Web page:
"There is always a philosophy for lack of courage."—Albert Camus

Thursday, August 04, 2005

Taxpayers Porked Again

Jeff Jacoby has written an excellent column on the highway bill Congress just passed. The bill really is a scandal, and Republicans are entirely to blame, as Jacoby notes:

At $286.4 billion, the highway bill just passed by Congress is the most expensive public works legislation in US history. In addition to funding the interstate highway system and other federal transportation programs, it sets a new record for pork-barrel spending, earmarking $24 billion for a staggering 6,376 pet projects, spread among virtually every congressional district in the land. The enormous bill -- 1,752 pages long -- wasn't made available for public inspection until just before it was brought to a vote, and so, as The New York Times noted, ''it is safe to bet that none of the lawmakers, not even the main authors, had read the entire package."

That didn't stop them from voting for it all but unanimously -- 412 to 8 in the House, 91 to 4 in the Senate.

Democrats voted overwhelmingly for the bill, too, of course, but Republicans have continuously presented themselves as the party of fiscal responsibility. They have once again proven the absurdity of that posture.

It is especially revealing and contemptible that the bill's authors did not make it public until the vote was about to take place. No need to hear from the taxpayers before deciding how to spend our money. Perhaps there would have been less support for "highway" projects meant to benefit no one but the constituencies of particular legislators, such as the following:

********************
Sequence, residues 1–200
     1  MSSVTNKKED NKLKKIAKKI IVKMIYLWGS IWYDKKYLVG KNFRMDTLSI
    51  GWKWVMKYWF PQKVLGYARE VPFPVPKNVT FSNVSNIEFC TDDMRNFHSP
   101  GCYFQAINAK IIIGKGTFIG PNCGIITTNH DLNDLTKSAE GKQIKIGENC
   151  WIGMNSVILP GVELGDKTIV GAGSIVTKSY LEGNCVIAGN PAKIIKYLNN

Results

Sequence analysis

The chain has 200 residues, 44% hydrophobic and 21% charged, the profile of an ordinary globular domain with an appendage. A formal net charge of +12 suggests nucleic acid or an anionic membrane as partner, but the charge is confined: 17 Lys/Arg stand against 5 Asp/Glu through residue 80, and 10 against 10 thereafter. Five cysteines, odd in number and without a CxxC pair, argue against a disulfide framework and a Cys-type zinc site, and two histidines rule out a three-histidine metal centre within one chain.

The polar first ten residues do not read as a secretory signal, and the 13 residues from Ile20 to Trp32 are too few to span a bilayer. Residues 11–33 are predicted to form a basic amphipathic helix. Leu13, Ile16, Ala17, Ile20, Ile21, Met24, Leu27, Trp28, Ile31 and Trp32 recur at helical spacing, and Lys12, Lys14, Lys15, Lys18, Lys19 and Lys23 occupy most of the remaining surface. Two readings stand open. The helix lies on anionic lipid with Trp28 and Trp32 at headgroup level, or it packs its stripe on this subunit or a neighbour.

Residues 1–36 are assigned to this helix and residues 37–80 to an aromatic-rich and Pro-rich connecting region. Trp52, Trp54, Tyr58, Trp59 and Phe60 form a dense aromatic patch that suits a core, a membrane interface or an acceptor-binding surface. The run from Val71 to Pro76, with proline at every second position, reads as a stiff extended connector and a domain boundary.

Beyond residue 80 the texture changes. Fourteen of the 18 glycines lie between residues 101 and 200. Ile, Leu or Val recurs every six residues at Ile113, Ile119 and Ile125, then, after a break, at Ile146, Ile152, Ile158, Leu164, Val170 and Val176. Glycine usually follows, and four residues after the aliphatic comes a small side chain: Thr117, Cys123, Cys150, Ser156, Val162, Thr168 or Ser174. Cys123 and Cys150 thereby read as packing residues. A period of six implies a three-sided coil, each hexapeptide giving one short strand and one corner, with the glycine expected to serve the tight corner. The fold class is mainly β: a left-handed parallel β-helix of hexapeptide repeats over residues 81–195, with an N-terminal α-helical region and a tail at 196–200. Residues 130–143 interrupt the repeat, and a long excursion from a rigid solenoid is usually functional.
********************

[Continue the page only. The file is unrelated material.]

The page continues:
Meander through the bill's endless line items and you find a remarkable variety of ''highway" projects, many of which have nothing to do with highways: Horse riding facilities in Virginia ($600,000). A snowmobile trail in Vermont ($5.9 million). Parking for New York's Harlem Hospital ($8 million). A bicycle and pedestrian trail in Tennessee ($532,000). A daycare center and adjoining park-and-ride facility in Illinois ($1.25 million). Dust control mitigation for rural Arkansas ($3 million). The National Packard Museum in Ohio ($2.75 million). A historical trolley project in Washington ($200,000). And on and on and on.

John McCain (R-AZ) was one of the few who voted against the bill, as Jacoby notes:

Arizona Senator John McCain, one of the four who voted no, called the bill a ''monstrosity" and wondered whether it will ever be possible to restore fiscal sanity to Congress. If ''the combination of war, record deficits, and the largest public debt in the country's history" can't break lawmakers' addiction to overspending, he asked, what can? ''It would seem that this Congress can weather any storm thrown at it, as long as we have our pork life-saver to cling to."

McCain is a Republican, and it might surprise younger readers to learn that spending discipline was once a basic Republican principle. Hard to believe in this era of bloated Republican budgets and the biggest-spending presidential administration in 40 years -- but true. Once upon a time Republicans actually described themselves with pride as fiscal conservatives. That was one of the reasons they opposed the promiscuous use of pork-barrel earmarks, which are typically used to bypass legislative standards, reward political favorites, and assert congressional control over state and local affairs.